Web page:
Here’s what I like least about being a Democrat: Way too often, when the conservative media machine either exaggerates or completely invents an issue, our leaders — in the media, in Congress, and even the administration — wilt under the pressure. Rather than rather than defend good policy (or even defend reality sometimes), they start legitimizing the phony issue created by their enemies.
Remember the bogus ACORN pimp video? It was a fraud perpetrated by conservative “journalist” James O’Keefe, for which he and his partner ultimately paid an ACORN employee $150,000 in damages. But the truth came out only after Congress had been stampeded into passing a law banning ACORN from applying for federal contracts. (Ultimately, a GAO investigation found no evidence that ACORN had mishandled federal funds.) ACORN was forced into bankruptcy and no longer exists. So Democrats in Congress assisted in destroying an organization whose main sins were registering poor people to vote and trying to raise the minimum wage.
Good job, guys.
Over the years panicked Democrats have authorized the Iraq invasion without looking too hard at the “intelligence” the Bush administration supplied, supported torture, abandoned a public option in ObamaCare even though the public wanted it, and given in to the idea that the deficit — and not creating jobs — is the top economic problem.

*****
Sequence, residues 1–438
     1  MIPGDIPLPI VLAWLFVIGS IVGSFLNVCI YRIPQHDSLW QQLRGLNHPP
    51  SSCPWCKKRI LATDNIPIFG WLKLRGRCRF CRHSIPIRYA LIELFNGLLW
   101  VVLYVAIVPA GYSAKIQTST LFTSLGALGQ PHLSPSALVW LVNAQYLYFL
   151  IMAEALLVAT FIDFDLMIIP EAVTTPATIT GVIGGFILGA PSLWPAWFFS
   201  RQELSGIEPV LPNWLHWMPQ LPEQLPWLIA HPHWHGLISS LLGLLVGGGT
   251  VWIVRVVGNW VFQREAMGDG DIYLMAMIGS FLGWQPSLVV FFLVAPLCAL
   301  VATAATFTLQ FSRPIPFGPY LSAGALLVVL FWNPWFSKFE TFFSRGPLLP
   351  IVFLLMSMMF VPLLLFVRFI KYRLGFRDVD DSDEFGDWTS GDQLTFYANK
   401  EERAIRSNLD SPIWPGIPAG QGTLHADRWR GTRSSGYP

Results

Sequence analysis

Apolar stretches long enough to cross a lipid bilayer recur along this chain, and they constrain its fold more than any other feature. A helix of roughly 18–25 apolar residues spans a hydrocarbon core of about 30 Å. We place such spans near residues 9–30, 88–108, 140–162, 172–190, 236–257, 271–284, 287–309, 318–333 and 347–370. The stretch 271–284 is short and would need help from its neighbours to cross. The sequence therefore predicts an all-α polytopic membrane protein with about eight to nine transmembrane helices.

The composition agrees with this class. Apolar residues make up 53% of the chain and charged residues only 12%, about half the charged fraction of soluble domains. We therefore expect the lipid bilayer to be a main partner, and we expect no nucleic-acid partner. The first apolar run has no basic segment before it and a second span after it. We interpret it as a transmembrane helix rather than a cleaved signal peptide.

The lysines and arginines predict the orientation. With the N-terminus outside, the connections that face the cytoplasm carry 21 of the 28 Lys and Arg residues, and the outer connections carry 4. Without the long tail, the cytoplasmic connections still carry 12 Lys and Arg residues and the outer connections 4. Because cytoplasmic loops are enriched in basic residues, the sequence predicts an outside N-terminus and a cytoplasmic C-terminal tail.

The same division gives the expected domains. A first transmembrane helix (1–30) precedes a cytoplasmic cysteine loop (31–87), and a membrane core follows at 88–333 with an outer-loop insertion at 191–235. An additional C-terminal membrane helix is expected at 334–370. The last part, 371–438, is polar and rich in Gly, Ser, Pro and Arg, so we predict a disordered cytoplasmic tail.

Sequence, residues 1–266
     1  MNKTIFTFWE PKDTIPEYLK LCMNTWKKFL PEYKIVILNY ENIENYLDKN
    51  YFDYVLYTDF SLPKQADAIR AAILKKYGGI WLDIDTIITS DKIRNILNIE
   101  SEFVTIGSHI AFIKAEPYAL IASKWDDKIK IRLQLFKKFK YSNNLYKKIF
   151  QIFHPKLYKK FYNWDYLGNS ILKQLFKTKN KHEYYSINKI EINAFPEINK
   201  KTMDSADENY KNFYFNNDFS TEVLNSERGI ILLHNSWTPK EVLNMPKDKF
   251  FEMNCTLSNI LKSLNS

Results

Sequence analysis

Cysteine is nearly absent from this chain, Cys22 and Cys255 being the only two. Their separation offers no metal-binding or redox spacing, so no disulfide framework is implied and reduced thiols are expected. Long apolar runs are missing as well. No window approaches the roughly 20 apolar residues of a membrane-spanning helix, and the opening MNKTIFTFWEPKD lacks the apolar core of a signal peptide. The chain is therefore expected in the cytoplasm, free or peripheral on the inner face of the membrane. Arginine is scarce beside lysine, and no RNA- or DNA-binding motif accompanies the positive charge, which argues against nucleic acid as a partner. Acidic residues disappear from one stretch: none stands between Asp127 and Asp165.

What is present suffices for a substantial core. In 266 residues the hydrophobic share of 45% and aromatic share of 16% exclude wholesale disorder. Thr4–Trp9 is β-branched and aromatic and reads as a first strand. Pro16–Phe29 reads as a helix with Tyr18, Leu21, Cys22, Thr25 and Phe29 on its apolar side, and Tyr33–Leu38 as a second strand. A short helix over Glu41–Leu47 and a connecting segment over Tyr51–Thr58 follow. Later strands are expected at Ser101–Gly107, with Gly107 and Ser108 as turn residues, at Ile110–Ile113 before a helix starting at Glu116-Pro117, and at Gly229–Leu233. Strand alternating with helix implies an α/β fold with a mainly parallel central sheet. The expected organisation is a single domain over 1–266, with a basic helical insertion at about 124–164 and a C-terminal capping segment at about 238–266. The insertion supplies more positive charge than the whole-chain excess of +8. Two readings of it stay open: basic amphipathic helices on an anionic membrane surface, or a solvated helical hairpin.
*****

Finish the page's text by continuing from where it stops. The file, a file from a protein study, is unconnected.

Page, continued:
Just last spring, Democratic Senate Finance Chair Max Baucus proclaimed the IRS scandal an “outrageous abuse of power and a breach of the public’s trust” while Senator Joe Manchin railed: “The actions of the IRS are unacceptable and un-American. … The president must immediately condemn this attack on our values, find those individuals in his administration who are responsible and fire them.”
Yeah, that one was bogus too.
So now we get to ObamaCare. The HealthCare.gov* web site has been a problem and first month sign-ups were below expectations. That has created an atmosphere of trouble around the program, which the conservative media exploited by drumming up a bunch of ObamaCare-killed-my-dog stories. A lot of them have been fabricated from nothing, and most of the rest are exaggerations.
Small business. Sean Hannity devoted a whole show to “victims” of ObamaCare. A tiny amount of follow-up by Salon’s Eric Stern showed that none of Hannity’s guests were actually victimized.
First I spoke with Paul Cox of Leicester, N.C. He and his wife Michelle had lamented to Hannity that because of Obamacare, they can’t grow their construction business and they have kept their employees below a certain number of hours, so that they are part-timers.